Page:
DVD Review - Leviathan (Leviafan)

Russian filmmaker Andrey Zvyagintsev got the Oscar nomination for Best Foreign Language Film. It didn't win at the Academy Awards, but it did win at the Golden Globes. It was a nominee for the Palme d'Or and it did win for Best Screenplay at the 2014 Cannes Film Festival. It won a NBR Award, as well as six White Elephant Awards, including Best Film, which is one of the top prizes a movie can get in Russia.

Aleksey Serebryakov stars as Kolya Sergeyev, a family man with a wife and teenage son in rural Russia. He owns a good chunk of land out there. Yet, the government wants to seize that land and use it to build a communications center. Kolya obviously doesn't want to lose his land, so he goes to court and appeals the government's decision to take his property under what in the United States would be called eminent domain.

Vladimir Vdovichenkov co-stars as Dmitri Seleznyov, a friend and lawyer from Moscow who comes by train to Kolya's town to help Kolya with his court case. The court scenes are depicted as cold and as a completely unsympathetic machine that exists only to quickly crush men like Kolya. Zvyagintsev is either horrified, aghast or totally in contempt of the Russian legal system, or perhaps all three. Unlike Asghar Farhadi in Iran, he doesn't see the Russian court as a place where average or simple men have a chance.

Roman Madyanov also stars as Vadim Shelevyat, the mayor of the town where Kolya lives. He's the overweight, entitled bully who is the one leading the charge to take Kolya's land. He becomes increasingly antagonistic the more that Kolya fights back. It gets to the point that Dmitri thinks the only way to stop him is through blackmail. Dmitri has learned about shady, if not outright illegal things that Vadim has done. Dmitri plans to use that to force Vadim to do what he wants.

What follows only exists to break down Kolya. The movie continually crushes him, dismissing or disposing of him coldly. Mainly, it's due to the corruption of the government or the corruption within the government that has figures like Vadim who can do whatever they want with impunity. It's not just to Kolya. Those corrupt forces can also destroy his family or anyone who cares about him, or they can turn all against him.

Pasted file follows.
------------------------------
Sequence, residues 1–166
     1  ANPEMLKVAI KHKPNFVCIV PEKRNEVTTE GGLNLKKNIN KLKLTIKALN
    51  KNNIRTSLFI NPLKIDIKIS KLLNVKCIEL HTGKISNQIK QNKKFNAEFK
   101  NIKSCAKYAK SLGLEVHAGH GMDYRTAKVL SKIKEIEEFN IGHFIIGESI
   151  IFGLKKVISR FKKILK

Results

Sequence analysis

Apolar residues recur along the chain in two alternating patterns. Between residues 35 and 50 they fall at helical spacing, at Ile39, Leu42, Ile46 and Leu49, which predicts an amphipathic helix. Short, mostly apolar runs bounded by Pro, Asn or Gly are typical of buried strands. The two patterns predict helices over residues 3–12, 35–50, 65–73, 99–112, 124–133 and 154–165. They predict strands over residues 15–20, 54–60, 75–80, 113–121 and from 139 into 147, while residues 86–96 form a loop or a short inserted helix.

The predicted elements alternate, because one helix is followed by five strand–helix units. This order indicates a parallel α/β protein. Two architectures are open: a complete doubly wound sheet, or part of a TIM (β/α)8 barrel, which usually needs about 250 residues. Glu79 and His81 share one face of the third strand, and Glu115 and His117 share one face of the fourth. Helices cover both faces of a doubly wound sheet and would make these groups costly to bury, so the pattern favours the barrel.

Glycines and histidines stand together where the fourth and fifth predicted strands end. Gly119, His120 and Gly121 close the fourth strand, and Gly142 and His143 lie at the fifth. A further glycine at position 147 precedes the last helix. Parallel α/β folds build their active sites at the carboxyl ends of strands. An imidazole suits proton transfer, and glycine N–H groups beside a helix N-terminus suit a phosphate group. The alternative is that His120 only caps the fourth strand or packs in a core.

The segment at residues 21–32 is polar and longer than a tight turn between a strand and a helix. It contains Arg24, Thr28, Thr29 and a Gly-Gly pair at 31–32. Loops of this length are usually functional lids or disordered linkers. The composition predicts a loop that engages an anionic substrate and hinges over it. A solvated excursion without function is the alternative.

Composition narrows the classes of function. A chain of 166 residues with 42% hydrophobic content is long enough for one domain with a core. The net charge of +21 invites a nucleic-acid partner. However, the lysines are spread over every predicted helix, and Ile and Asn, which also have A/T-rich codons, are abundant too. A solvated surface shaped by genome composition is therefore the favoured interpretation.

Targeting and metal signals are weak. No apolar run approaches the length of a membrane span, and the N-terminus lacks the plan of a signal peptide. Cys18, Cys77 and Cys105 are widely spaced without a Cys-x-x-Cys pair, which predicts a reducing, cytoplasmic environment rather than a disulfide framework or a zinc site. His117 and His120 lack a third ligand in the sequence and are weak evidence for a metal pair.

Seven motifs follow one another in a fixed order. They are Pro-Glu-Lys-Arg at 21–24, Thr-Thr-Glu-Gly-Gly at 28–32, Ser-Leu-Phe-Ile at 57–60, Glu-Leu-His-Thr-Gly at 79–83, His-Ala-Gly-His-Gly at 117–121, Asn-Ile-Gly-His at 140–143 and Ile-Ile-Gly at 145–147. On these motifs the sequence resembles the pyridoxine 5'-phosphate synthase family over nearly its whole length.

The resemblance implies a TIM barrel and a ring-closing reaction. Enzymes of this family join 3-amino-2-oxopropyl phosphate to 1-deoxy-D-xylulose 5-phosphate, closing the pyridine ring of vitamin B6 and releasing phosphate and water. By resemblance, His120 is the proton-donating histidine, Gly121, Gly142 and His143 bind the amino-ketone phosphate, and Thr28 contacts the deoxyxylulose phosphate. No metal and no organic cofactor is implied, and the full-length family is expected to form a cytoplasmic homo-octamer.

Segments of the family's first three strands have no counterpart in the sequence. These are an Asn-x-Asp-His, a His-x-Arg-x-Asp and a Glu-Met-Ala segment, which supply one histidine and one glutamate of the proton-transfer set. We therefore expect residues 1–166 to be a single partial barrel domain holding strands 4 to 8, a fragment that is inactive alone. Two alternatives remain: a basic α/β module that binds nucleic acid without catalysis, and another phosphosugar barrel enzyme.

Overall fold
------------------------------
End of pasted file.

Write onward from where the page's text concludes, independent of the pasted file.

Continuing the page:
This aspect of the film is great and I enjoyed it as a kind of satire, or an incredibly dark comedy. Its jabs at religion are pretty great too. It won't make you laugh out loud, but it is pretty hilarious. It's played so matter-of-fact that it looks as if it's a straight-forward drama, but inherent in that lies the humor.

I don't blame the pacing of this film, which might feel boring or numbing, but that is a feeling that's almost crucial to all of this working. If I would take anything out, it would be the adultery aspects from Kolya's wife, Lilya. I think I get the point of it. It's for misdirection and obfuscation, but I think Zvyagintsev's goal could have been scored without it. Yet still, this is a fantastic and highly, self-assured film.

Five Stars out of Five.
Rated R for language and some sexuality/graphic nudity.
Running Time: 2 hrs. and 21 mins.


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